“The Myter in Cheape,” the Mitre of Cheapside, was a haunt of locals where according to Ben Jonson if “any stranger comes in amongst ‘em, they all stand up and stare at him, as he were some unknown beast brought out of Africk.” The drawer here, George, attained immortality when named in 1599 by Jonson in Every Man Out of His Humour—“Where’s George? call me George hither quickly”—and in 1607 by Dekker and Webster in Westward Ho!—“O, you are George the drawer at the Mitre.” It is evidence of the way in which a particular Londoner can become fixed as a type or character in the eyes of his contemporaries. The peculiar and persistent connection of alehouses with drama was also maintained by the memory of the Mermaid.

What things have we seen

Done at the Mermaid; heard words that have been

So nimble and so full of subtle flame

wrote Beaumont to Jonson. Keats, echoing the sentiment two hundred years later, knew no

Happy field or mossy cavern

Choicer than the Mermaid Tavern

The poet, himself a Londoner who as a child lived on the premises of the Swan and Hoop in Moorgate, had migrated in imagination to the junction of Friday Street and Bread Street where the Mitre was consumed in the Great Fire.

A tavern “is the onlely Rende-vous of boone company,” according to the Guls Horne-Booke of 1609 where it is important to know the bar staff or drawers and “to learn their names such as Jack, and Will, and Tom” to procure prompt service as well as credit. Then you may say to the waiter, “Boy, fetch me money from the barre.” The bill was known as “the reckoning” or “the shot.” Games of dice were played and travelling fiddlers went from establishment to establishment. We are allowed to peer closely into the rooms of an early seventeenth-century tavern, by using an inventory from the aptly named Mouthe in Bishopsgate Street. Here are listed the boarded partitions separating one room from another in that tavern, each chamber bearing a different name: the Percullis, the Pomgrannatt, the Three Tuns, the Vyne, and the King’s Head. So we have five different “barres” on the same premises, furnished with tables, benches and stools. In the Percullis, there was “one longe table of waynscote, with a fforme” as well as “one oyster table,” “one olde wyne-stoole” and “a payre of playinge tables”; in the King’s Head there was also an oyster table, as well as “a child’s stoole.” In one of the guests’ chambers, on the floor above, were listed down pillows, flaxen sheets and a tapestried coverlet as well as chests and cupboards.

A poem of 1606 mentions “the Bores head, hard by London stone … the swan at Dowgat … The Myter in Cheape … the Castel in Fishstreet” and others “to make Noses red,” but it was not only drink and lodging which seventeenth-century tavern-keepers supplied. An advertisement from a landlord, moving from the Swan at Holborn Bridge to the Oxford Arms in Warwick Lane, mentioned that “He hath also a hearse, and all things convenient to carry a Corps to any part of England.” “There are endless inns,” Thomas Platter wrote in the early 1600s, “beer and wine shops for every imaginable growth, alicant, canary, muscatels, clarets, Spanish, Rhenish.” Endless, also, are the verses written upon the topic of London alehouses. Ned Ward’s Vade Mecum for Malt Worms and John Taylor’s Pilgrimage are only two examples of poems that list public houses and their locations as a kind of topography of the city, in which the nature and shape of London are known only in terms of intoxicated reverie:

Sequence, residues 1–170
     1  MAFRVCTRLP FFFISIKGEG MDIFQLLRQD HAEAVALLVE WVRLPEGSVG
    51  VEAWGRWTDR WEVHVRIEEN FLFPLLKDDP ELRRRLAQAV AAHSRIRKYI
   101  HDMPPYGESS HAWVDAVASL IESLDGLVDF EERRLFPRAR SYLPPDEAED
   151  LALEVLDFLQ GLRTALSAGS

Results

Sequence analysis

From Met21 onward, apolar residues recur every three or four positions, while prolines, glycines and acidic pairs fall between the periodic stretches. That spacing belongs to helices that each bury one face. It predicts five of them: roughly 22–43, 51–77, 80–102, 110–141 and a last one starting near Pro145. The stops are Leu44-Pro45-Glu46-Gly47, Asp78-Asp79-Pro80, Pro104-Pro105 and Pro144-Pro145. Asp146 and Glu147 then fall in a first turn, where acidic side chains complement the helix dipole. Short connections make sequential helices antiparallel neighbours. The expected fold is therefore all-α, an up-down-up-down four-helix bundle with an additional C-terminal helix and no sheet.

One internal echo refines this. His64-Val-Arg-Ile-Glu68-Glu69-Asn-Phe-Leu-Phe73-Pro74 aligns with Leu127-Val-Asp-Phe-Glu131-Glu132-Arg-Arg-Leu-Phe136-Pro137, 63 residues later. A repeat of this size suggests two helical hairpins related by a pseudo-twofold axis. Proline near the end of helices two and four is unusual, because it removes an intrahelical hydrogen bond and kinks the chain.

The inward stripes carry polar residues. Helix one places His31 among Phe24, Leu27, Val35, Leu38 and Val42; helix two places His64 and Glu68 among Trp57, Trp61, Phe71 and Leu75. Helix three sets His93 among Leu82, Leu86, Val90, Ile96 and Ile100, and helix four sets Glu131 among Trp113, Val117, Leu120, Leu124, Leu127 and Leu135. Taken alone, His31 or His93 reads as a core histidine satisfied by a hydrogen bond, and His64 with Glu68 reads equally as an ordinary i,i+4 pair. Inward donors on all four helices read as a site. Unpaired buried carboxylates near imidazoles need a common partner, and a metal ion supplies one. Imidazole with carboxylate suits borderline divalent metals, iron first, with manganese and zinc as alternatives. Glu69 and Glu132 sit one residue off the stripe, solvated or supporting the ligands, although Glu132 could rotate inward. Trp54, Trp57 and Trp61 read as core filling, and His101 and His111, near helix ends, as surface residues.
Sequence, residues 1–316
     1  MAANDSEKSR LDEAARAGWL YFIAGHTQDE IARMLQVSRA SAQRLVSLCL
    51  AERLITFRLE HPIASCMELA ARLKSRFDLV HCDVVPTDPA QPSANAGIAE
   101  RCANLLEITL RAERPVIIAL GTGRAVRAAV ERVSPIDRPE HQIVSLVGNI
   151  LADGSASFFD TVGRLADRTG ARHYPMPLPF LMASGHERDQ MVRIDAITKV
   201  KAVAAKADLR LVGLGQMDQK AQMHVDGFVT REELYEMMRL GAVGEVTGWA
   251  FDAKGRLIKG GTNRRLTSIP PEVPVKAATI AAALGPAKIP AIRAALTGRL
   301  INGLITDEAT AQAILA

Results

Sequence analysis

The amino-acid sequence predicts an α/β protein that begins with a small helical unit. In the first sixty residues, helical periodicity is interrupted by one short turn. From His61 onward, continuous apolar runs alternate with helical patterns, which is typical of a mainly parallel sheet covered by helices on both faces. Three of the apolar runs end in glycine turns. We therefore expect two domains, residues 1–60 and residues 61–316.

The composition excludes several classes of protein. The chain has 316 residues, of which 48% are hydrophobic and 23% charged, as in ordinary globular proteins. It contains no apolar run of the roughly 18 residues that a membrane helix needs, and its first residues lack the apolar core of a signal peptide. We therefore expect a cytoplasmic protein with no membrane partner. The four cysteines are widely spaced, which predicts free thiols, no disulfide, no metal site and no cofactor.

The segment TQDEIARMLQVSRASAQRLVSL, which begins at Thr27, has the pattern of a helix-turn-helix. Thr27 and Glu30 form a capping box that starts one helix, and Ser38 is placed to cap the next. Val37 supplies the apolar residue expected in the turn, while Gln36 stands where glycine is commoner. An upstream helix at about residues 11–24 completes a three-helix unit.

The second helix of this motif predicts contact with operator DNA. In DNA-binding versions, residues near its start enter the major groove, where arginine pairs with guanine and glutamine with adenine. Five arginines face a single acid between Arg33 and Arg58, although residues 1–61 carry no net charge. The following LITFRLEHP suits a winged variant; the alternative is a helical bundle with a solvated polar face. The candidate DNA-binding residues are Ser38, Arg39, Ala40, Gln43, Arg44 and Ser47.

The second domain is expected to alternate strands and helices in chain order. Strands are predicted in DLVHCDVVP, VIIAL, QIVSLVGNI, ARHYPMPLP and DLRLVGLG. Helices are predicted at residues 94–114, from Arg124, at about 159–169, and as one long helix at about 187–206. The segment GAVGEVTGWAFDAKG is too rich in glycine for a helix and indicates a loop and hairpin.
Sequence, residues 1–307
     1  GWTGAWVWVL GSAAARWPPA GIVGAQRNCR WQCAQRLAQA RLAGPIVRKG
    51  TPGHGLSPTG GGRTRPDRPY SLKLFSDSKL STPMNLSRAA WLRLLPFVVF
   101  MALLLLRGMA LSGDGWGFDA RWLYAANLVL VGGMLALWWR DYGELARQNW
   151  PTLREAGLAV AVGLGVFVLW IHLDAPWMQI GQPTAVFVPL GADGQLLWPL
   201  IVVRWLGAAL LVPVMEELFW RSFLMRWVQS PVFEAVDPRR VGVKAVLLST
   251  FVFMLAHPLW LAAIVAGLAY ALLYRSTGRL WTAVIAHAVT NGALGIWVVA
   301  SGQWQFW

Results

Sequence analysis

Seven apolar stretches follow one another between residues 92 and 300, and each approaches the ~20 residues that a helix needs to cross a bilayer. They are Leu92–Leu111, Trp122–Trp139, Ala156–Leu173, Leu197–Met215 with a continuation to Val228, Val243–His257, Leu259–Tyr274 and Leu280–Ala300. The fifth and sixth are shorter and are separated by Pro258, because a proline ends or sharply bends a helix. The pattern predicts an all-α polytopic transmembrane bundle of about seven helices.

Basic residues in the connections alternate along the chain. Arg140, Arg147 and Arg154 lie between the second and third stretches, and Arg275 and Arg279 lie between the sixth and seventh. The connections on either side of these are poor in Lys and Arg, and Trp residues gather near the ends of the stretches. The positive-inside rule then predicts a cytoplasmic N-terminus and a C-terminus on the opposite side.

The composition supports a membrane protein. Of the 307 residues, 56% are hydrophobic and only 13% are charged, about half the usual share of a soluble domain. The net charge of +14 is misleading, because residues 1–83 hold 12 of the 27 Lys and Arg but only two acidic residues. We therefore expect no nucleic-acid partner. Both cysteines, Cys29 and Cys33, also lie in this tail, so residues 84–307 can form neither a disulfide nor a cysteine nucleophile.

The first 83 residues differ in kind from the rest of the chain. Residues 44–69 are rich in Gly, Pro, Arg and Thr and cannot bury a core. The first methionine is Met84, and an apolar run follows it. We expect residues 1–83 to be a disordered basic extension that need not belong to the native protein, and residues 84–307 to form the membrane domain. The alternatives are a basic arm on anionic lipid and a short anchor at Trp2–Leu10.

Hence to Cloak-lane, near Dowgate hill we steer

And at Three Tuns cast Anchor for good Beer …

Thereafter haste made waste, and sun was set

Ere to the Shoreditch Flagon I could get.

At ten I took my leave, and by the moon

Reached the Bell Inn, and fell into a swoon.

The words of the two poets are conflated here, in order to suggest the precision of their references to the city as a place where one must get drunk in order to survive.

The excise tax imposed upon beer in 1643 testifies to the increasing popularity of that drink. Pepys noticed during the Great Fire that the women “would scold for drink and be drunk as devels”; there may of course have been some excuse for their behaviour during that inferno but a calm observer, Henry Peacham, writing The Art of Living in London in 1642, commands “above all things beware of beastly drunkenness … some are found sometimes so drunk, who, being fallen upon the ground or, which is worse, in the kennel, are not able to stir or move again. Drinking begets challenges and quarrels, and occasioneth the death of many, as is known by almost daily experience … Drunken men are apt to lose their hats, cloaks, or rapiers, nor to know what they have spent.” Pepys also recorded a lady, dining at the house of a mutual friend, who in one draught knocked back a pint and a half of white wine.